Shellfish are nutritionally excellent, containing iron, zinc, magnesium, and vitamin B12.

Oysters are one of the best choices, considering that 3oz contain 100% of the DV for zinc, alongside plenty of B complex vitamins.

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Whole Grains and Cereals

Many breakfast cereals are fortified with B vitamins, making them a great source to start your day with. They contain lots of B12, and since many are vegan-friendly, they are available to those on a meatless diet.

The grains in cereals are also easy to digest, which is part of what makes them so healthy.

Beans & Legumes

Peanuts (technically a legume) are a rich source of biotin. Just 1oz of peanuts contains 17% of the daily value. They are also versatile. Try spreading peanut butter on toast for breakfast as an easy way to work them into your diet.

Black beans, kidney beans, and chickpeas are also good sources of B vitamins.

Soy Products

Soy milk, soybeans, and products like tempeh are all excellent B vitamin sources for vegans and vegetarians. There is approximately 64% of the DV of biotin in ¾ cup of soybeans, which spells good news for edamame lovers.

Nuts and Seeds

Nuts and seeds are also a fantastic source of biotin. ¼ cup of sunflower seeds, for example, contains 10% of the DV; meanwhile, ¼ cup of roasted almonds includes 5%.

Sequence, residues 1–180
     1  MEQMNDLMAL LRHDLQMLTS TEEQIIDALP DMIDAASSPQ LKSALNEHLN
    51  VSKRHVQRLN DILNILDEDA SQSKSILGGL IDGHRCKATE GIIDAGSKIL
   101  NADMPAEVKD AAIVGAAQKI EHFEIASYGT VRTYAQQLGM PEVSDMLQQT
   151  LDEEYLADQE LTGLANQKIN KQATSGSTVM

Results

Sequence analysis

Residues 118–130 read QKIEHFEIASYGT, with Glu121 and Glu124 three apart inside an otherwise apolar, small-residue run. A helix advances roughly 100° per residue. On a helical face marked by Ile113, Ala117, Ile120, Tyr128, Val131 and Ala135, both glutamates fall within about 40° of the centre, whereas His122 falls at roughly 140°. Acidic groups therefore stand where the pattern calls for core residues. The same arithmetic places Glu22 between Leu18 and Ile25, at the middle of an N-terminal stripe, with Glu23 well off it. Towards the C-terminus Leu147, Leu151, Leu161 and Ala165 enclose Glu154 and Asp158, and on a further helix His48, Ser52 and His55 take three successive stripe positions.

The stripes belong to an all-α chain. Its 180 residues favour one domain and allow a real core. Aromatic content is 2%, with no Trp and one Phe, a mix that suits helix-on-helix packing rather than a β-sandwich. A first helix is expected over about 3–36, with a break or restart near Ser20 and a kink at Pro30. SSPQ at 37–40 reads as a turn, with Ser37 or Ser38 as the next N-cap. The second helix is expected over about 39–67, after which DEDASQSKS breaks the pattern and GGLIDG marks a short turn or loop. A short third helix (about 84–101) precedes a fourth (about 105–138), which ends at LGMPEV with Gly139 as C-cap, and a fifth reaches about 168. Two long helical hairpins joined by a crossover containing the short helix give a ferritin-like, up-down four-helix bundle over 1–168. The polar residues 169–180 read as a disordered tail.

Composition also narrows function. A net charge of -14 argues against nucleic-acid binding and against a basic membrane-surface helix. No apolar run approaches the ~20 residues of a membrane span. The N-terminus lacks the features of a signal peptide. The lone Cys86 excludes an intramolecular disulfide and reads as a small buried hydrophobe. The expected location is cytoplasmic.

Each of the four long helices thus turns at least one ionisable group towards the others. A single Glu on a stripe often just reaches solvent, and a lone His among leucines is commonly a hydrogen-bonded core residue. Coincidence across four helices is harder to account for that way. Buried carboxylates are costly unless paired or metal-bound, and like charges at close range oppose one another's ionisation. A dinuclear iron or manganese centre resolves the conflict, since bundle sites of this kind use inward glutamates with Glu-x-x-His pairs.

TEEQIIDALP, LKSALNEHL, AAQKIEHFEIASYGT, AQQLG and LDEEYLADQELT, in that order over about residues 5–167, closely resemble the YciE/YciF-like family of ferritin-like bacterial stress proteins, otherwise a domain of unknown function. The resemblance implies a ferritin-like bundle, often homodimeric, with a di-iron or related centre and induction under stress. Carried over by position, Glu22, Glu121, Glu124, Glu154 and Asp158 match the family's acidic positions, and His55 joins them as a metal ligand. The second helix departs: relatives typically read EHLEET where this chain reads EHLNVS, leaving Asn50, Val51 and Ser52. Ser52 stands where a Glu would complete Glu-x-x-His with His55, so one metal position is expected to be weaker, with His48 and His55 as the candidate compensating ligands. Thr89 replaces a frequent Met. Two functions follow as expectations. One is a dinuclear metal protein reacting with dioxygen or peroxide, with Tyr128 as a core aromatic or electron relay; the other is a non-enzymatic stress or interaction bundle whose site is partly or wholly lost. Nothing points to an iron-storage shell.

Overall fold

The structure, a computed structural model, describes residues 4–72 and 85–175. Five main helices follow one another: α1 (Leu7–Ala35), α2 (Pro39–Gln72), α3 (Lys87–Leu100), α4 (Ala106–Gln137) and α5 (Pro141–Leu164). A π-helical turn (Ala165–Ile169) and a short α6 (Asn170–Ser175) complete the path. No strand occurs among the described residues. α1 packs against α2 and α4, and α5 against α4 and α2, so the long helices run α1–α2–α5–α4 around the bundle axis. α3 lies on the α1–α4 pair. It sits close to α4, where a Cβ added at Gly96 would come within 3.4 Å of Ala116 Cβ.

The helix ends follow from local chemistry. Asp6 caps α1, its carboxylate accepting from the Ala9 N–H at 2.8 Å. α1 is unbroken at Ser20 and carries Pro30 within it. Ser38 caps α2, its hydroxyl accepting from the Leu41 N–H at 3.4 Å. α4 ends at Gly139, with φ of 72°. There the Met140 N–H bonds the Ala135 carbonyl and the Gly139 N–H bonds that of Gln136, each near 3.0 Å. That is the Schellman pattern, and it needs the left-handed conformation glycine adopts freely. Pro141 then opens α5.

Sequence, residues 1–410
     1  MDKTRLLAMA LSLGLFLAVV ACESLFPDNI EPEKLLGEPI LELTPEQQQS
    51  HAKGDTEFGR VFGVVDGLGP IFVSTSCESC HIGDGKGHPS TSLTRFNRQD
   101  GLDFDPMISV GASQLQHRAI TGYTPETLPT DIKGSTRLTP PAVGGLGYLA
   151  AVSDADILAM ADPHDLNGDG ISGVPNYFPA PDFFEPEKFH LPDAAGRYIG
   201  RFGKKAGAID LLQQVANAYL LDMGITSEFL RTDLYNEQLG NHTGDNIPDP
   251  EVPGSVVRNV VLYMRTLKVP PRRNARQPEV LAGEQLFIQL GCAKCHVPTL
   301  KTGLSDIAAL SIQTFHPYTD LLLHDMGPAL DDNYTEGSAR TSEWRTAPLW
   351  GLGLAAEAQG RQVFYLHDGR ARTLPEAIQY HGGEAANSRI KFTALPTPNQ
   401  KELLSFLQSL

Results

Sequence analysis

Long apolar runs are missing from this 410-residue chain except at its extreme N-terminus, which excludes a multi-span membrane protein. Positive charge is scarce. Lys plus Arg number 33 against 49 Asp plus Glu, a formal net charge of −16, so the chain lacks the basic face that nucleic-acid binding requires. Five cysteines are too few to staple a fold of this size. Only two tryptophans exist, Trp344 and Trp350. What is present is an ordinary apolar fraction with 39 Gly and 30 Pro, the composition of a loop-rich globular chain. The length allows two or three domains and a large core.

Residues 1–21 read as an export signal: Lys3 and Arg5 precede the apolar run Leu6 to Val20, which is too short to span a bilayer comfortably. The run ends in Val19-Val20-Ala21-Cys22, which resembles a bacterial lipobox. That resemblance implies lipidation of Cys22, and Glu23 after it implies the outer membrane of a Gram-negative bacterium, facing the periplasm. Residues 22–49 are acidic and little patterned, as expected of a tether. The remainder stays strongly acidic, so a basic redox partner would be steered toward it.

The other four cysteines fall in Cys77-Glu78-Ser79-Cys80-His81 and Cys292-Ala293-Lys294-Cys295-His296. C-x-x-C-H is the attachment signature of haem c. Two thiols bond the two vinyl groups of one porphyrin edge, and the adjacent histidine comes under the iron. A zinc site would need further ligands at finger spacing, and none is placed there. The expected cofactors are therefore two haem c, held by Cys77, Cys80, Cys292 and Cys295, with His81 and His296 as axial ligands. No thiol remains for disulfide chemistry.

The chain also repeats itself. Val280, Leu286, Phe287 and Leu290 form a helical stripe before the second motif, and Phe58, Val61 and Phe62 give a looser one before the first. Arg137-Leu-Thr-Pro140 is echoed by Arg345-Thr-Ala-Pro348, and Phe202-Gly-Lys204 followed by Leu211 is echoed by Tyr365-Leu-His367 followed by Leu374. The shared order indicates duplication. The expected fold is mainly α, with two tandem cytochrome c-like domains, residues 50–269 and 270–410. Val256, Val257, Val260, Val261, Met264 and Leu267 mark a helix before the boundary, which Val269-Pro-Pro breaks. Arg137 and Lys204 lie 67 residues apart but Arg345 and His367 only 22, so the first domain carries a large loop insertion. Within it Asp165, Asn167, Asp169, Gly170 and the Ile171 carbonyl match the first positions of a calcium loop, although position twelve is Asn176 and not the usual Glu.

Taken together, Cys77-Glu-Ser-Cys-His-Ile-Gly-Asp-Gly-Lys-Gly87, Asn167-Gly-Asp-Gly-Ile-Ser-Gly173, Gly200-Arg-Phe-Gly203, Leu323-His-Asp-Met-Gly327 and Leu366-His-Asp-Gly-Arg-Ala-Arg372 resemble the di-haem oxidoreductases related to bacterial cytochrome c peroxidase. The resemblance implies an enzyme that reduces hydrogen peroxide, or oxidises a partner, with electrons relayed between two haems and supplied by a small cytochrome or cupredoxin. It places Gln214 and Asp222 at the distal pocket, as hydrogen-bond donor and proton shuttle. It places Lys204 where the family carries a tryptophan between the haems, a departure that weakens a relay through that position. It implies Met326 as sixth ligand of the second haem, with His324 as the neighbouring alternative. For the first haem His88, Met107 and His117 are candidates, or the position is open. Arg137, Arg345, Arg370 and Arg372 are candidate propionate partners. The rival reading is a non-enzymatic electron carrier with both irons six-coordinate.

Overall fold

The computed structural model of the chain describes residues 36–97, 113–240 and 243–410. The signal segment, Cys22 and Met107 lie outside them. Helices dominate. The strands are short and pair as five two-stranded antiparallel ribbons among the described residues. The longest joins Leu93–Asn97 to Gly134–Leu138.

It’s easy to work them into the diet via snacking, but they can also be added to salads, stir-fries, and smoothies.

Vegetables High in Vitamin B

Many vegetables are high in vitamin B. This includes carrots, which contain as much B6 as a glass of cow’s milk. Spinach is also packed with B6 alongside plenty of iron, while sweet potatoes have pyridoxine alongside fiber.


Other vegetables with vitamin B include green peas, shiitake mushroom, and broccoli. Specifically, shiitake contains 100% of the DV for B12 in about 50g.

Fruits High in Vitamin B

Fewer fruits are high in B vitamins, but there are a couple. B12 is lacking in fruits altogether, which is why consumers must eat a balanced diet in order to access the entire B complex.

B12 is lacking in fruits altogether, which is why consumers must eat a balanced diet in order to access the entire B complex.

Vitamin B-rich fruits include bananas, which are full of B6. Since B6 can help to create serotonin and norepinephrine, think of bananas as a happy fruit.

Avocado, meanwhile, is a good source of folate and biotin. One avocado contains about 6% of the DV for biotin.

Apart from these two, citrus fruits are a fairly good source of B vitamins.

Final Thoughts on Vitamin B Foods

It’s possible to get the entire B vitamin complex from food. There are plenty of vitamin B sources that come as part of a healthy, balanced diet without even needing to think about it.

However, some people are lacking in B vitamins; a doctor can help those struggling to work out if they have a deficiency. Risk factors for a deficiency include:

  • Being over the age of 50
  • Being pregnant
  • Having some chronic health conditions
  • Eating a vegetarian/vegan diet

In these instances, supplements may be necessary. That said, most people can access all the vitamins they need just from the food they eat.